Tuesday, April 3, 2012

Israeli high court dismisses claim of Husseini family to the Shepherd hotel

The Shepherd Hotel, as it is now, partially demolished. (Reuters)

Israel's Supreme Court ruled on Monday that the prominent Palestinian family Al-Hussseini could not claim ownership of the landmark Shepherd hotel in East Jerusalem -- paving the way for a Jewish settlement project.
The family, heirs to the notorious mufti Haj Ain al-Husseini, said the Shepherd Hotel, now partially demolished, is a symbol of the Palestinian rights to their land and to East Jerusalem, and criticized the court ruling. "This property, which is legitimately ours, represents the Palestinians' rights to their land and to Jerusalem," Mona Husseini, heir to the property and Husseini's granddaughter, said on Monday.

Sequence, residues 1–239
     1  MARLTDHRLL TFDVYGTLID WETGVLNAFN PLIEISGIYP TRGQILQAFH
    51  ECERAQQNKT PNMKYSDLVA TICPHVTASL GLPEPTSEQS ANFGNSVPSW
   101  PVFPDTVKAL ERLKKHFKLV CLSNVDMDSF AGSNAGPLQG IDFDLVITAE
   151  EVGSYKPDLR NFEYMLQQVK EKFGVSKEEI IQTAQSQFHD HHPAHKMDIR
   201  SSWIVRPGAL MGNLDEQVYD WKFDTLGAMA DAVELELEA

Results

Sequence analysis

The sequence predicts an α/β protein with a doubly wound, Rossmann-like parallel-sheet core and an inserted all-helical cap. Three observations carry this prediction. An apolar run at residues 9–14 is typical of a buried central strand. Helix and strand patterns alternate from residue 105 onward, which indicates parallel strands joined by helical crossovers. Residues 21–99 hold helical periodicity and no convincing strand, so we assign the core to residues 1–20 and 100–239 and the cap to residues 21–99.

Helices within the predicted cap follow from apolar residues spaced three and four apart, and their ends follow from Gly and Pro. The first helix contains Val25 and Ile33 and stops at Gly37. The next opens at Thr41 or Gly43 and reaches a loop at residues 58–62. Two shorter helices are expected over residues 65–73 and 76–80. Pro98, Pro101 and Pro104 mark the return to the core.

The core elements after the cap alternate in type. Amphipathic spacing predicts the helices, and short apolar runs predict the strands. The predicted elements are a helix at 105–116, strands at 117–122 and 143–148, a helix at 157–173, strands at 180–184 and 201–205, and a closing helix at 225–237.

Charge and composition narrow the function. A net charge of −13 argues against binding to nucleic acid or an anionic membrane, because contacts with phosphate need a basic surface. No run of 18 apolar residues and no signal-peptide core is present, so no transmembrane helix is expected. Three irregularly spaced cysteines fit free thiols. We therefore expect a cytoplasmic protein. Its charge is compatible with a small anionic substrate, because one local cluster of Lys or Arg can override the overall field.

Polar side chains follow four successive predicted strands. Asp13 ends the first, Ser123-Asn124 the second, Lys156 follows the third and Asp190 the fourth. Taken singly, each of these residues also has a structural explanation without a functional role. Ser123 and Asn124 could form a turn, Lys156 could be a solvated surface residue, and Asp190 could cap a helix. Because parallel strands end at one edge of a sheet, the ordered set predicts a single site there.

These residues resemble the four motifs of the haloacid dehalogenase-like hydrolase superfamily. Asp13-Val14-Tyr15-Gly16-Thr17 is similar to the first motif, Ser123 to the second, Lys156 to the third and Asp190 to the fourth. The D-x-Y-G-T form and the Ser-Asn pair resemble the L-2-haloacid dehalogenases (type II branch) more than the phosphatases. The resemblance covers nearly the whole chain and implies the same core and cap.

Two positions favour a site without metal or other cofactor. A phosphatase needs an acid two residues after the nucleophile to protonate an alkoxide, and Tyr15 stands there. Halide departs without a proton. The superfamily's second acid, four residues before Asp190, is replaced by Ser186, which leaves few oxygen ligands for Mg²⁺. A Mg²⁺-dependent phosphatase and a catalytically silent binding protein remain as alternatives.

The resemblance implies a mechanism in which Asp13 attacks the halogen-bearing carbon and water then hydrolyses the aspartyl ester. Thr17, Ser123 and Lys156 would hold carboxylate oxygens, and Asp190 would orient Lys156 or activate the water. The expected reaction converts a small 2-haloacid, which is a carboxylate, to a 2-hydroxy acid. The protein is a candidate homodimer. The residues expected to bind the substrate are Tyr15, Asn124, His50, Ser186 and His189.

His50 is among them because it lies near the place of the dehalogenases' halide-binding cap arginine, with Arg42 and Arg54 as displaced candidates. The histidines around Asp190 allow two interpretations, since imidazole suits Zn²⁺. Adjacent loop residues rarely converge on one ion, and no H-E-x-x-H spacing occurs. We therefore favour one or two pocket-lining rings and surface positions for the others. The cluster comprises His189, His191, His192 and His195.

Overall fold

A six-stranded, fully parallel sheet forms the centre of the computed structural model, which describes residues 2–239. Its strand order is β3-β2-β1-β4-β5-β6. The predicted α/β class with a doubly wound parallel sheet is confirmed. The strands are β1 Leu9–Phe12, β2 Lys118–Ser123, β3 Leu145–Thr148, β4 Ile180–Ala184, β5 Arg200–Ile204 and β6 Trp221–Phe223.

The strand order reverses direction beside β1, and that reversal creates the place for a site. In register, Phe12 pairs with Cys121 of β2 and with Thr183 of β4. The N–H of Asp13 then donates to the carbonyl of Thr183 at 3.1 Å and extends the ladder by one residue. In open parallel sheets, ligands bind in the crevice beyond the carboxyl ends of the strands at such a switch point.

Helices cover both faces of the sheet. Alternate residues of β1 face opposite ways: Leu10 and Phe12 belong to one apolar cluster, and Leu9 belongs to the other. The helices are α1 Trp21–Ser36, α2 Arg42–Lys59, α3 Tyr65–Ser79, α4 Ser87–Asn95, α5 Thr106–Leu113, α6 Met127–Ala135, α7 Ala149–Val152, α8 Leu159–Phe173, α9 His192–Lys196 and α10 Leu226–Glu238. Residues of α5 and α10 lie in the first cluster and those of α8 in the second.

The family said, however, they would continue to seek legal action. "The court clearly sided with the other party, and this proves that the Israeli courts have never been fair to Palestinians," said Adnan Husseini, the Palestinian Authority-appointed mayor of Jerusalem and a member of the extended family.

The Shepherd Hotel was built in the 1930s and served as the home of the mufti. It was declared "absentee property" by Israel after it was captured and annexed to East Jerusalem in 1967. The title was transferred to an Israeli firm, which sold it in 1985 to Irving Moskowitz, a Florida businessman and patron of Jewish settlers. In 2009, Israel's Jerusalem city hall approved a project to replace the building with a block of 20 apartments.
In dismissing the family's case, the court said too much time had passed since Israeli authorities had transferred the property to private developers for a legal challenge to be brought, a lawyer for the petitioners said. The family said it had been unaware at the time that the site had been sold off.

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